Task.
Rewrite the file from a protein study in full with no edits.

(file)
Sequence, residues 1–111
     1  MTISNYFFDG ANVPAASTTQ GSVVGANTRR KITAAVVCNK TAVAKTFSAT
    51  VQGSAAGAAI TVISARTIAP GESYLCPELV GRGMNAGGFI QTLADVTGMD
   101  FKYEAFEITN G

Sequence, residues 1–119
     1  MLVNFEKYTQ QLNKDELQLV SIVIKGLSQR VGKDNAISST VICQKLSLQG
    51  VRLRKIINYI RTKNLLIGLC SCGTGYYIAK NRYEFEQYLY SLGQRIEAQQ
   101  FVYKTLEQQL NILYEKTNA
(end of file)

Sequence, residues 1–111
     1  MTISNYFFDG ANVPAASTTQ GSVVGANTRR KITAAVVCNK TAVAKTFSAT
    51  VQGSAAGAAI TVISARTIAP GESYLCPELV GRGMNAGGFI QTLADVTGMD
   101  FKYEAFEITN G

Sequence, residues 1–119
     1  MLVNFEKYTQ QLNKDELQLV SIVIKGLSQR VGKDNAISST VICQKLSLQG
    51  VRLRKIINYI RTKNLLIGLC SCGTGYYIAK NRYEFEQYLY SLGQRIEAQQ
   101  FVYKTLEQQL NILYEKTNA